Harvard Heart Letter

What is a bicuspid aortic valve?

Ask the Doctor

Q. My primary care doctor referred me to a cardiologist, and I just found out that I have a bicuspid aortic valve. What does that mean for me?

A. The aortic valve sits between the heart and the aorta, the main artery from the heart that distributes oxygen-rich blood throughout the body. A normal aortic valve has three leaflets, or flaps, that open and close tightly to regulate the flow of blood. But between 1% and 2% of people are born with an aortic valve that has only two flaps, known as a bicuspid valve. This defect is twice as common in males as in females and often runs in families.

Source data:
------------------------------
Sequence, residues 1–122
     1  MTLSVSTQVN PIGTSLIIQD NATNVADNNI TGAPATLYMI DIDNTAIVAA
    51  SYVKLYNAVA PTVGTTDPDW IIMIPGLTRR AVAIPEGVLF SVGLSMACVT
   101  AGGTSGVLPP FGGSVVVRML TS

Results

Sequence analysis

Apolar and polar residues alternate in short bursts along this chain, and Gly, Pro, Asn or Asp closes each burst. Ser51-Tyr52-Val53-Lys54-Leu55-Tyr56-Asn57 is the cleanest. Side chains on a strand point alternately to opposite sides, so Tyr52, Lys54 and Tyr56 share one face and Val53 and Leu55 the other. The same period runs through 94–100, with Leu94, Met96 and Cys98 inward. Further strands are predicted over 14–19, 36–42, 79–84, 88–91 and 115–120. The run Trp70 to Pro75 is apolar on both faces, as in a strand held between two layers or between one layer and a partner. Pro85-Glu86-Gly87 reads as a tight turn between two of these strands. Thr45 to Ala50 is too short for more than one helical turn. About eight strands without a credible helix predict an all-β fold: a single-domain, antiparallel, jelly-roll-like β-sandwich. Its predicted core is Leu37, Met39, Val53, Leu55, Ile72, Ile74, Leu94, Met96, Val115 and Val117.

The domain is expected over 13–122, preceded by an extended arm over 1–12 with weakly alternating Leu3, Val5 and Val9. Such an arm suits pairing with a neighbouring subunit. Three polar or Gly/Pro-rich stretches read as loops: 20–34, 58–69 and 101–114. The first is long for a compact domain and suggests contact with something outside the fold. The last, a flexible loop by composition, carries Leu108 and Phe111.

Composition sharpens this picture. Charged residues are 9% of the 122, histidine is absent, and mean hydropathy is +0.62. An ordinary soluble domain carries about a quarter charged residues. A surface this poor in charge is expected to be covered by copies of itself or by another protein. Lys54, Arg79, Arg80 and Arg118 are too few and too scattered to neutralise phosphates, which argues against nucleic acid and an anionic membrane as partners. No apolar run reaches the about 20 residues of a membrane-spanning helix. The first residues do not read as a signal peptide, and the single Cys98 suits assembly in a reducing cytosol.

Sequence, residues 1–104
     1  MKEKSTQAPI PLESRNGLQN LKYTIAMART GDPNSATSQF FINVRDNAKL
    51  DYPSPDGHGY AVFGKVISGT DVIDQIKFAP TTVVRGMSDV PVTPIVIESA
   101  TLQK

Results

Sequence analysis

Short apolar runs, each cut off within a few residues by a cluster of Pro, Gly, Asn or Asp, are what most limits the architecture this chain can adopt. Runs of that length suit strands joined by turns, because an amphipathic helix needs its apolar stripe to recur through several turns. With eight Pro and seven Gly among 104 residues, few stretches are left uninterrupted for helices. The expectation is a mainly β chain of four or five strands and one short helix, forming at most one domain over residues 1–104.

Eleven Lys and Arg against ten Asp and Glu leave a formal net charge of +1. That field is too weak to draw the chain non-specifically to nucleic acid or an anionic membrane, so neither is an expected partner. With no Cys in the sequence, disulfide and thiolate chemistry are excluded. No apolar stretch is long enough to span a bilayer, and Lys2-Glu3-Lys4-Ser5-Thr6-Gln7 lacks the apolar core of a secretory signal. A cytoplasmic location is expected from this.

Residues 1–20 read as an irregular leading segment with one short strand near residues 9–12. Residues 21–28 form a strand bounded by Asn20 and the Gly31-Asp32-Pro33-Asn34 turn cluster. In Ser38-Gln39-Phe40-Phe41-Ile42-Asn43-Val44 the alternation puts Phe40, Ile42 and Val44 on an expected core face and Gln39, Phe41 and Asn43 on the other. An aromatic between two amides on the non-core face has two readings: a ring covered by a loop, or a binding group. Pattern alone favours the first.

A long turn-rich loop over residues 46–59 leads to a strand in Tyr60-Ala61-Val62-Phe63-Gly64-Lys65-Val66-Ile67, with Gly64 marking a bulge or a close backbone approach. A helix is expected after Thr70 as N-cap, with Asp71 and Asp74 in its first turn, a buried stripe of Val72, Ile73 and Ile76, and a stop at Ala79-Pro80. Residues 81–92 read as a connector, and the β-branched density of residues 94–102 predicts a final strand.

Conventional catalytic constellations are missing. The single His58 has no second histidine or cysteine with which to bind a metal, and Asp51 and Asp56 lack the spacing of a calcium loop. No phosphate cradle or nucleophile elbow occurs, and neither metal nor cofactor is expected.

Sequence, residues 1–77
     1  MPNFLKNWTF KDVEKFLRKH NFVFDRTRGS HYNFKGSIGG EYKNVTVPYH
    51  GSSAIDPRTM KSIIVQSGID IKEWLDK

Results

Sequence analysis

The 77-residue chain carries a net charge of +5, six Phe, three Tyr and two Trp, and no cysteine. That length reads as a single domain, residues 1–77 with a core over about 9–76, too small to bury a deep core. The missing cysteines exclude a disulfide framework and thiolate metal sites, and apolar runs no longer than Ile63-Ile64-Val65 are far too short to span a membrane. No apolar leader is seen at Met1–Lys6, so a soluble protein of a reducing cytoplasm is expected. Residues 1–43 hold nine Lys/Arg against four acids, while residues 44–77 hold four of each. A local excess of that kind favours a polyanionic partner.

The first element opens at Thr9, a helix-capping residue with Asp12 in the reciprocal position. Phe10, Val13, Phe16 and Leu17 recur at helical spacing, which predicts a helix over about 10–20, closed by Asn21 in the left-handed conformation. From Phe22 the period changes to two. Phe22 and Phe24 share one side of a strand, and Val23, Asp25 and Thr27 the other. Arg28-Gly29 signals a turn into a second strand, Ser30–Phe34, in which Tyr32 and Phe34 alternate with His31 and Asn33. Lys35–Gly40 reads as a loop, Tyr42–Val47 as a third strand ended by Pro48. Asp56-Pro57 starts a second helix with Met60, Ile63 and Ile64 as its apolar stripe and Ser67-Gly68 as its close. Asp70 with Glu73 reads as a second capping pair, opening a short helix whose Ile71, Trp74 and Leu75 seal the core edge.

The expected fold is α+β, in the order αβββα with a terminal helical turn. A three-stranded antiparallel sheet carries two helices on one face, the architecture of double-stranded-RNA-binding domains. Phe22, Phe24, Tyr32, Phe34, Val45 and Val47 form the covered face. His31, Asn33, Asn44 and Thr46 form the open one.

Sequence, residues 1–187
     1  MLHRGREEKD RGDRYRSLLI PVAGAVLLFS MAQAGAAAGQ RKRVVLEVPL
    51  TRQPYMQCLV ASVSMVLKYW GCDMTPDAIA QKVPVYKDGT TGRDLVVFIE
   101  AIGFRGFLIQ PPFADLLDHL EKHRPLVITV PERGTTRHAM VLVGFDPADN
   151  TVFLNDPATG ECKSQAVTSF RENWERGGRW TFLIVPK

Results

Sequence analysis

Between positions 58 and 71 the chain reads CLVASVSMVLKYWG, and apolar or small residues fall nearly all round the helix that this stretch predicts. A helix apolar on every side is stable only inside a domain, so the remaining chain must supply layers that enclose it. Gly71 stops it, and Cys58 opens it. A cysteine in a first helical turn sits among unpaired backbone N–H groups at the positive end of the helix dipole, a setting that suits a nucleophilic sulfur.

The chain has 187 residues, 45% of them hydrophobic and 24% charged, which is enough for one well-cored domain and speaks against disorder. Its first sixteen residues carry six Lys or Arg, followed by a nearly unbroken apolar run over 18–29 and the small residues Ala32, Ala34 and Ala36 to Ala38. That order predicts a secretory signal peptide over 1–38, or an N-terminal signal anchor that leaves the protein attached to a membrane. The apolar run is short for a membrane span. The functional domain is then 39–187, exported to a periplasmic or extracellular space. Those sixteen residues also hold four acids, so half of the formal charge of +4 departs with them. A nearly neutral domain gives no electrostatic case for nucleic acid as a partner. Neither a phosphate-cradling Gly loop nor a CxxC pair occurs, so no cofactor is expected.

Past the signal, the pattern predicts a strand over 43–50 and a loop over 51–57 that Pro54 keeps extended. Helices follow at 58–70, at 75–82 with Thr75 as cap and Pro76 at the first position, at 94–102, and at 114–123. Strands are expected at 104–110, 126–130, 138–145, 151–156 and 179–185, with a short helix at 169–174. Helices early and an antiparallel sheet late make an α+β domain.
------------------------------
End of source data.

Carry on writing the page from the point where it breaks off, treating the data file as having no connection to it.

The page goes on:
People with a bicuspid aortic valve have a higher-than-average risk of developing a condition called aortic stenosis—in which the valve becomes stiff and narrowed—that usually produces a heart murmur. A more serious problem that can occur is a bulge or swelling in the wall of the aorta, called an aortic aneurysm. It usually happens in the thoracic aorta, the part of the aorta that passes through the upper chest. Very rarely, the aorta can tear or burst, which is often fatal. However, surgery to replace the valve (and sometimes part of the aorta) can prevent these problems.

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